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Sexual Abuse And Misconduct Within The British Horseracing Industry And Equestrian Sports

The end of February 2024 saw an apology from the British Horseracing Authority following confirmation that they have investigated more than 350 allegations of safeguarding or welfare concerns within the industry since 2018. Worryingly, the BHA has noted that the recent data shows a rise in the number of referrals regarding complex abuse cases, including serious sexual offences.

It has been reported that 26% of the 350 reports were in relation to sexual misconduct – with 41% of the reports within this category being in relation to sexual assault, rape or attempted rape. Extrapolating the figures, it would appear that there have been around 91 reports of sexual misconduct or assault.

The Chair of the BHA, Joe Saumarez Smith, apologised unreservedly to those that had been subjected to sexual assault and abuse, bullying or discrimination stating

“On behalf of British racing, I apologise unreservedly to anyone who has experienced harm and behaviour that is unacceptable. I also want to thank those who have shared their stories and provided powerful personal testimony. We are sorry and we will work determinedly to put this right”

Julie Harrington, the British Horseracing Authority’s chief executive also noted that “for women in particular it has often been easier to keep your head down and suffer in silence” and that she was “truly sorry to hear stories of bullying, sexual misconduct and, in some cases, serious sexual abuse”.

The apologies provided, along with the Safeguarding and Human Welfare Strategy document published by the BHA, shows an intention to bring about change within the industry and indicates that such change is intended to be driven by an improvement in training and education, improved safeguarding procedures and mandatory DBS checks for certain roles.

The BHA’s Safeguarding and Human Welfare Strategy is however silent on the approach that will be taken towards those faced with allegations of sexual misconduct, bullying or misconduct and what steps will be put in place to protect individuals who have made an allegation – and the support that will be provided to them. It is unclear how many have been reported to the police or been subject to criminal investigations as a consequence of allegations of sexual abuse, whether there are repeat offenders and whether or not the police have been informed of any offences directly by the BHA.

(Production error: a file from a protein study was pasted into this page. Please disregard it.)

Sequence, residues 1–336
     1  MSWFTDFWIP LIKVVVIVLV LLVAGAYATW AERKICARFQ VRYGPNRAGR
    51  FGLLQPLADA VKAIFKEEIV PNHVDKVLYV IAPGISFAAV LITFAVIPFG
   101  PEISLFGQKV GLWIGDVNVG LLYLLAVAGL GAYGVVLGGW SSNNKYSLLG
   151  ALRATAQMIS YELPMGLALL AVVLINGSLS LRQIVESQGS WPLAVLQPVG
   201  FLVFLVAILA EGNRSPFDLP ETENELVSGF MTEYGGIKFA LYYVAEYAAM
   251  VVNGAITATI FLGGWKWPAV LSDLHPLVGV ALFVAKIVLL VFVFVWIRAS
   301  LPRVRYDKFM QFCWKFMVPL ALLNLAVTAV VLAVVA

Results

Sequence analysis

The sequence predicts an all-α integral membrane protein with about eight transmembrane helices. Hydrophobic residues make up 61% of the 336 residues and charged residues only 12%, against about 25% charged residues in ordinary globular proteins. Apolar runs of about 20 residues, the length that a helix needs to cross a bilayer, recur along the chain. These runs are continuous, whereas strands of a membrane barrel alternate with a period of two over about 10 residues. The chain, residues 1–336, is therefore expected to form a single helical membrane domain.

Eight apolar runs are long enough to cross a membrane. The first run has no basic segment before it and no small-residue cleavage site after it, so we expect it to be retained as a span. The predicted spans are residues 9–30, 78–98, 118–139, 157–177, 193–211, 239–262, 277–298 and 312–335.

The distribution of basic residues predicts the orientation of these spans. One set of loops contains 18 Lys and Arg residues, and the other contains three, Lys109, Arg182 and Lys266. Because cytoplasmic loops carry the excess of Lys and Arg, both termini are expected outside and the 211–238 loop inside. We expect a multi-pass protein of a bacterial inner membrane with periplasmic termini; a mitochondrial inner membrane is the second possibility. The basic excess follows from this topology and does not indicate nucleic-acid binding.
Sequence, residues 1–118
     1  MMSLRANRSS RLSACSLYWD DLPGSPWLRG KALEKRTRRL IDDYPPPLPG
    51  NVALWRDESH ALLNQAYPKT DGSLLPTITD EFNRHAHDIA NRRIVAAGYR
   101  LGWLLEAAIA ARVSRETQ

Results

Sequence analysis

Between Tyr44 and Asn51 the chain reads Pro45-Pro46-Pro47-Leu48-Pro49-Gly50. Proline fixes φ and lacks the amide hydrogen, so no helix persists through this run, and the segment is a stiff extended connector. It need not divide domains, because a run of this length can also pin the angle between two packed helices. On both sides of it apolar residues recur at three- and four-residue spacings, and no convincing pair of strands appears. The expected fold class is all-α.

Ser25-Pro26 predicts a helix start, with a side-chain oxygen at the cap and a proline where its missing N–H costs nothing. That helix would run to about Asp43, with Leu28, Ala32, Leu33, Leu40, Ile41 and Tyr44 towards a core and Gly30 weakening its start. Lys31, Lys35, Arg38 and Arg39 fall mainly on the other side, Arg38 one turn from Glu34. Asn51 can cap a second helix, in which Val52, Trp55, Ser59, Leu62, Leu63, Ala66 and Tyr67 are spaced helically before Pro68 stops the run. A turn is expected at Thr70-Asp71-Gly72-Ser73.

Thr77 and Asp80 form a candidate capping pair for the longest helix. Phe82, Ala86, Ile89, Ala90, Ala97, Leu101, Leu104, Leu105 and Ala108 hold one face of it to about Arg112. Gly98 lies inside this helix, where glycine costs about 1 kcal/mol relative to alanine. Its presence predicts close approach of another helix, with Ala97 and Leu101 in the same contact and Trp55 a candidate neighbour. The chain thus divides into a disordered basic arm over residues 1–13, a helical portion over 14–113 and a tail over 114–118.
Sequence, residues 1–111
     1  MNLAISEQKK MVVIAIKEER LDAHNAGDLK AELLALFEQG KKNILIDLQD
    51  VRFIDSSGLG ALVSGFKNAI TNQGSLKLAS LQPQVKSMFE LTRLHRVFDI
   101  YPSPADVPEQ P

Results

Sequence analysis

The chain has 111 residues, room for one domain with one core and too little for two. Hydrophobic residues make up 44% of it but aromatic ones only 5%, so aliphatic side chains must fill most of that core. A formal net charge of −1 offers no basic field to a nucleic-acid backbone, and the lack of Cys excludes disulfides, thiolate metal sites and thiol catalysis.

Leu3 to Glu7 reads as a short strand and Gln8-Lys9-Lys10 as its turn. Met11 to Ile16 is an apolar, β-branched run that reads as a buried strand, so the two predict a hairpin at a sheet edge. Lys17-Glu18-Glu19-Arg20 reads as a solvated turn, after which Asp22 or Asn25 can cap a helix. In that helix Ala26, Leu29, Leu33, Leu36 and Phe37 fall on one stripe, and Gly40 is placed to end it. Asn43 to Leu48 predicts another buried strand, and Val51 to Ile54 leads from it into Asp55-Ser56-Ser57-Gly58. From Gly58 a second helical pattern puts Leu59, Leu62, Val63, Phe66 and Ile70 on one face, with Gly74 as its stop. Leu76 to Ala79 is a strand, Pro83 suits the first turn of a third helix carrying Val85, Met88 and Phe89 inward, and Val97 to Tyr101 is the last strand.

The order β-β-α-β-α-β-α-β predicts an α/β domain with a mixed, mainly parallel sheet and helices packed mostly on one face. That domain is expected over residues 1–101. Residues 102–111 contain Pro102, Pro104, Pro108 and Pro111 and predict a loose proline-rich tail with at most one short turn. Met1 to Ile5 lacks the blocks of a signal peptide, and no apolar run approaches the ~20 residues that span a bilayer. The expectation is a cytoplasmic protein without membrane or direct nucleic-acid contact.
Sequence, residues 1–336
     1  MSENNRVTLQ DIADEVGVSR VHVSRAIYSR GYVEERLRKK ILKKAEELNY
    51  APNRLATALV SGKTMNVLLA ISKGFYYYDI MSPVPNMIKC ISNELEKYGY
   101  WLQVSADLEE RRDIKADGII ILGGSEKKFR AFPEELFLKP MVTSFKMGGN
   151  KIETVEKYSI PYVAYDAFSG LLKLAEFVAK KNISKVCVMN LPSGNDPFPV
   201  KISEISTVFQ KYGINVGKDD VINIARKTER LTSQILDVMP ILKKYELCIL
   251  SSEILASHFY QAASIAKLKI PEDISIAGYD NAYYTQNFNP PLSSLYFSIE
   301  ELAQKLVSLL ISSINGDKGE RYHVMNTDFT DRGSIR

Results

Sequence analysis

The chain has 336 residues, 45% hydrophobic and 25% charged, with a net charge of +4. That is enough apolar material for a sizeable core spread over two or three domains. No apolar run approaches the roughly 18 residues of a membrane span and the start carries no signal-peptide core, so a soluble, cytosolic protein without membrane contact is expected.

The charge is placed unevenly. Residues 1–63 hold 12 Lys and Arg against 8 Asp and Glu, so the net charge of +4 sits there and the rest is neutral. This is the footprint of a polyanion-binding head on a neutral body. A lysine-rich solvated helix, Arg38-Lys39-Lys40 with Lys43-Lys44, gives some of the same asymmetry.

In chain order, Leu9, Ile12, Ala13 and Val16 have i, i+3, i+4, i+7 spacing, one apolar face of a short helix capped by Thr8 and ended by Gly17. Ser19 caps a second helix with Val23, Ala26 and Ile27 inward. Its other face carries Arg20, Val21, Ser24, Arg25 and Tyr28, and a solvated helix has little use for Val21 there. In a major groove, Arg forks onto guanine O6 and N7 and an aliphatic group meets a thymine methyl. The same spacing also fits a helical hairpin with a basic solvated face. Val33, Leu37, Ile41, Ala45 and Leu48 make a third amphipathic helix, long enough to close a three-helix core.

The statistics above raise questions regarding other equestrian sports, such as show-jumping or dressage, and if there are similar experiences of abuse within these sports – and whether the matter of sexual misconduct and violence towards women is a much wider, systemic issue.

It is generally well known that equestrian sports tend to attract young people who are keen to pursue a career working with horses and establish themselves within the industry. As can often be the case, those individuals can be vulnerable to abuse and manipulation by more senior, powerful figures and employers. It is often difficult to speak out against abuse, particularly if in fear of jeopardising your career. Further, it may be that earlier disclosures have been ignored and abusive behaviour has gone unchecked, leading others experiencing similar abuse to believe they will not be listened to and no action taken.

Over the years, there have been various watershed moments regarding abuse within sports. In 2016, Andy Woodward disclosed his experiences of abuse at the hands of Barry Bennell whilst a young footballer, hoping to pursue a professional career and this led to hundreds of others disclosing their own experience of abuse within the industry. We have further seen disclosures of abuse within British gymnastics, swimming, martial arts and tennis. There is no place in any sport, including horse racing and the wider equestrian community, for abuse of any kind.

If you or someone you know has experienced sexual abuse or assault and would like to have a free, confidential discussion about your options, then Hodge Jones & Allen can help you.

Olivia Coffey, a senior associate in the Civil Liberties & Human Rights team, has many years’ experience in acting for victims of recent and non-recent sexual assault and abuse. She can be contacted directly by emailing or by calling 0808 296 7694.

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